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Supreme Court takes 3 cases

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The Indiana Supreme Court has granted transfer to three cases, dismissed one and declined 16 cases for the week ending Oct. 21.

In John R. Berry IV v. State of Indiana, No.49A04-1008-CR-536, the Indiana Court of Appeals reversed John Berry’s conviction of Class A felony attempted murder and remanded with instructions to find Berry not guilty by reason of insanity and for further proceedings as required by the Indiana Code. The appellate court looked at whether a person’s mental disease brought on by years of drinking could support an insanity defense. The judges concluded Berry’s psychosis was a mental defect under the law.

In Michael J. Lock v. State of Indiana, No. 35A04-1010-CR-641, Michael Lock appealed his conviction of Class D felony operating a motor vehicle while privileges are suspended. He contended the state failed to prove his 2009 Yamaha Zuma was a motor vehicle, and the appellate court agreed, reversing his conviction. The COA was split in reversing Lock’s conviction, with Judge John Baker dissenting.

The justices also accepted Otha S. Hamilton v. State of Indiana, No. 49S02-1110-CR-621 and released an opinion on the case Oct. 19.

The justices voted 3-2 to dismiss Warren L. Williams, et al. v. David Orentlicher, et al., No. 49A02-1003-PL-249, in which the COA had held that the trial court properly denied Warren Williams’ and David Frankel’s motion to compel arbitration. The appellate court ruled that the two former leaders in the Indiana State Teachers Association – who served as trustees for a legally separate insurance trust – can’t force the trust’s governing board to adhere to arbitration clauses outlined in their ISTA employment contracts. Judge James Kirsch dissented because he believed Williams’ and Frankel’s respective ISTA responsibilities were an integral foundation for what they did as ex officio members for the trust.

Justices Frank Sullivan and Robert Rucker voted to deny petition to transfer, rather than dismiss.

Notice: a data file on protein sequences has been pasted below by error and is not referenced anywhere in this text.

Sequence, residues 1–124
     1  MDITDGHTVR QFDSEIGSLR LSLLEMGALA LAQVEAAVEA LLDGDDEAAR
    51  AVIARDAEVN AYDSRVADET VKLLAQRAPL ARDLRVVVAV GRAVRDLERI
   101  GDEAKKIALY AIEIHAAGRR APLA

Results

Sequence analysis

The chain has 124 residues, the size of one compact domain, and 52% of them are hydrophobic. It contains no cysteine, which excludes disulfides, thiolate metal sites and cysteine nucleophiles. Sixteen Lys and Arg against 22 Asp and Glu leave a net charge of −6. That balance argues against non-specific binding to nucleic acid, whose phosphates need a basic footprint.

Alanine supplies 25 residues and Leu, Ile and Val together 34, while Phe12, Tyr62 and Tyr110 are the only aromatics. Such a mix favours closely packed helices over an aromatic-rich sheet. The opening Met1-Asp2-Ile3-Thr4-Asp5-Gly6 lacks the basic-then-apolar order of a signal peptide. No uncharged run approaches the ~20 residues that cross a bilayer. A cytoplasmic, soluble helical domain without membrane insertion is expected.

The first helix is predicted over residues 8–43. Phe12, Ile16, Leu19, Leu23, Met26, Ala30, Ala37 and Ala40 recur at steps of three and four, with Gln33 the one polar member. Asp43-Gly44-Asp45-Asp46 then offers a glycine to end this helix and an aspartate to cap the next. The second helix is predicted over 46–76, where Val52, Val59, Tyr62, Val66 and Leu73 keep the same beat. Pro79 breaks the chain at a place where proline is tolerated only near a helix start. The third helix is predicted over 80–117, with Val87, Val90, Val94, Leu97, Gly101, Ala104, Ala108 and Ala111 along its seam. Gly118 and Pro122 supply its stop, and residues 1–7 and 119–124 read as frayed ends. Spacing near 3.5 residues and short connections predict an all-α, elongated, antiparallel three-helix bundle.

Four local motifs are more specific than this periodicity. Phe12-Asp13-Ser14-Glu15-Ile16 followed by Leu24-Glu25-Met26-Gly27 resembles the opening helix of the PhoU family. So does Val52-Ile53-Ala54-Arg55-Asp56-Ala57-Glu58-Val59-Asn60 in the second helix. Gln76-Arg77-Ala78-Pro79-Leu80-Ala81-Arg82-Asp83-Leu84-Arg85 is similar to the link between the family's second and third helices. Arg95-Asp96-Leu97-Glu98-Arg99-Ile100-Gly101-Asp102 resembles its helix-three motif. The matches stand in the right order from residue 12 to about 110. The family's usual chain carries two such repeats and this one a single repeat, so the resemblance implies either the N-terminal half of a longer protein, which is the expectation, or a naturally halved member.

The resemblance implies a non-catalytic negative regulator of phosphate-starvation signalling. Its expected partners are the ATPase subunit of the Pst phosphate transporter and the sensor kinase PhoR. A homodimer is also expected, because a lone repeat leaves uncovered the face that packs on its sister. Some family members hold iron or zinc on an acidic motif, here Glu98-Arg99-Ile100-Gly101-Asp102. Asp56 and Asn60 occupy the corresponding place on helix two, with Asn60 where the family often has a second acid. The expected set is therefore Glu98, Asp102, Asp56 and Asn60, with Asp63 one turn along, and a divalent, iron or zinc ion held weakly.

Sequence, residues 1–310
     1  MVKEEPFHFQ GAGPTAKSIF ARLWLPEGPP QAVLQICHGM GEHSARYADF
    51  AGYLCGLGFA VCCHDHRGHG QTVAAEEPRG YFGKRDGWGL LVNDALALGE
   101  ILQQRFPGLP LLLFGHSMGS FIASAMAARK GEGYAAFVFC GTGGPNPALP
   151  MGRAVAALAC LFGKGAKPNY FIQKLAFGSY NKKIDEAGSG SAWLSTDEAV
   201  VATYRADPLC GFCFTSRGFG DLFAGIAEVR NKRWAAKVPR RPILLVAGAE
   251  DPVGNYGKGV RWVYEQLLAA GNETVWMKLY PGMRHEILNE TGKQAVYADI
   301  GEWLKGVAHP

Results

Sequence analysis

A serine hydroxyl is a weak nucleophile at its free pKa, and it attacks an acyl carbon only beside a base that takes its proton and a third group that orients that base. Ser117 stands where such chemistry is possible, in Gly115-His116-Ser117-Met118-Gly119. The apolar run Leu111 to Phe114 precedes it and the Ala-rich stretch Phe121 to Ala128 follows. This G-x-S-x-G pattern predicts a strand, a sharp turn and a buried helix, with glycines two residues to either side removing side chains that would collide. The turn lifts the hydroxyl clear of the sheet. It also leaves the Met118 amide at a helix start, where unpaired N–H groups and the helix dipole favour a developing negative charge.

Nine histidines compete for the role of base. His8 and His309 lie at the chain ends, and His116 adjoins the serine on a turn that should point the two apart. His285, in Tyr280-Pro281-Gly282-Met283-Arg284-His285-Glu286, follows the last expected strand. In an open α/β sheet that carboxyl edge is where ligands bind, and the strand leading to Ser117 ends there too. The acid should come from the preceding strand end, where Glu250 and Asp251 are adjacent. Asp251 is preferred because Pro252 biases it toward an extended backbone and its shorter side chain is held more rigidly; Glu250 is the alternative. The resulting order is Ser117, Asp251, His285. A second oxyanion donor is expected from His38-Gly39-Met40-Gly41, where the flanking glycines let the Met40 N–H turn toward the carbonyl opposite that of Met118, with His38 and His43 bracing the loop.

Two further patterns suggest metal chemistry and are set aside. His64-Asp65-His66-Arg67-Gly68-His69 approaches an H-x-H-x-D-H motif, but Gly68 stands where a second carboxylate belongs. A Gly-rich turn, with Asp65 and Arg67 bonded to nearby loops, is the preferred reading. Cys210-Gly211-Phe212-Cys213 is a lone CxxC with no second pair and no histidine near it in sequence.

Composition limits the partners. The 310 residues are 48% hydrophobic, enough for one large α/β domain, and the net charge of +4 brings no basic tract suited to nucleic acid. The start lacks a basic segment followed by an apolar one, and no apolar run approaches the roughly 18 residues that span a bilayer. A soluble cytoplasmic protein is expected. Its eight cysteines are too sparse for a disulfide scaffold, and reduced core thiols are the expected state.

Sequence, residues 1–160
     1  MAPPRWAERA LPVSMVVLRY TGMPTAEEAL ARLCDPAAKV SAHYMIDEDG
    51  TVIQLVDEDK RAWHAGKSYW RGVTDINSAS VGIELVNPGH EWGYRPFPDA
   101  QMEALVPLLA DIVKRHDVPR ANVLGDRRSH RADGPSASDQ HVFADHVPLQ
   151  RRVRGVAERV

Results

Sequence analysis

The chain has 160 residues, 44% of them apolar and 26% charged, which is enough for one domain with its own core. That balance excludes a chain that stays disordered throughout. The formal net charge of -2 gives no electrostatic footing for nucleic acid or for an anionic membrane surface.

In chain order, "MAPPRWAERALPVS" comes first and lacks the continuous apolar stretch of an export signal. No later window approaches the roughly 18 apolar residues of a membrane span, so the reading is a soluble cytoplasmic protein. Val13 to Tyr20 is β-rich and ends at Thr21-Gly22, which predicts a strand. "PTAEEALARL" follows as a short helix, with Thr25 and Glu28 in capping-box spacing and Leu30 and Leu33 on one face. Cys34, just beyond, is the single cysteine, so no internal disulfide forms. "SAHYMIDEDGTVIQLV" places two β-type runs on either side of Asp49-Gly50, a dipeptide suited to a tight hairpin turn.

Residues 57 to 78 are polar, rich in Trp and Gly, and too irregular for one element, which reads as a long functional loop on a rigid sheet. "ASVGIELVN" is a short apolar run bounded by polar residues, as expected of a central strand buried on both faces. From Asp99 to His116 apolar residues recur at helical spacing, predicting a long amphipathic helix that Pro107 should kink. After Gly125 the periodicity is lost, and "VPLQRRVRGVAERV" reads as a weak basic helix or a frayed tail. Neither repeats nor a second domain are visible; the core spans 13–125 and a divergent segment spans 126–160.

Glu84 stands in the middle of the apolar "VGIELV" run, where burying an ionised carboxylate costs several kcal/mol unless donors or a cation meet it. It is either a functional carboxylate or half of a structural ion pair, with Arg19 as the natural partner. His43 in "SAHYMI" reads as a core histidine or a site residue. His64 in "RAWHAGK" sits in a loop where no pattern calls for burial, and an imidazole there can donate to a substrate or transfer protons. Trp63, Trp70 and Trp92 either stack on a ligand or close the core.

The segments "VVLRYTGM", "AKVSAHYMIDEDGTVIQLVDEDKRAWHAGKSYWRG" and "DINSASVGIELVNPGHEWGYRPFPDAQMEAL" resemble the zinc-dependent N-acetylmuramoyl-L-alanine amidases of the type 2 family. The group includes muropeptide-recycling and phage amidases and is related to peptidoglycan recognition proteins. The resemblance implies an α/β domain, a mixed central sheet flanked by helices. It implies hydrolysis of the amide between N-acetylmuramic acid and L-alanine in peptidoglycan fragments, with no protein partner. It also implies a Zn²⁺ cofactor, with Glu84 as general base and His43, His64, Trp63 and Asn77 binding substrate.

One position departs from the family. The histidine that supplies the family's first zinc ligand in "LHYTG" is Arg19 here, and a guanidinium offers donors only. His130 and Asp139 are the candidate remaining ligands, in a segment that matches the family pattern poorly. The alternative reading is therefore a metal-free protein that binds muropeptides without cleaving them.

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  1. A sad end to a prolific gadfly. Indiana has suffered a great loss in the journalistic realm.

  2. Good riddance to this dangerous activist judge

  3. What is the one thing the Hoosier legal status quo hates more than a whistleblower? A lawyer whistleblower taking on the system man to man. That must never be rewarded, must always, always, always be punished, lest the whole rotten tree be felled.

  4. I want to post this to keep this tread alive and hope more of David's former clients might come forward. In my case, this coward of a man represented me from June 2014 for a couple of months before I fired him. I knew something was wrong when he blatantly lied about what he had advised me in my contentious and unfortunate divorce trial. His impact on the proceedings cast a very long shadow and continues to impact me after a lengthy 19 month divorce. I would join a class action suit.

  5. The dispute in LB Indiana regarding lake front property rights is typical of most beach communities along our Great Lakes. Simply put, communication to non owners when visiting the lakefront would be beneficial. The Great Lakes are designated navigational waters (including shorelines). The high-water mark signifies the area one is able to navigate. This means you can walk, run, skip, etc. along the shores. You can't however loiter, camp, sunbath in front of someones property. Informational signs may be helpful to owners and visitors. Our Great Lakes are a treasure that should be enjoyed by all. PS We should all be concerned that the Long Beach, Indiana community is on septic systems.

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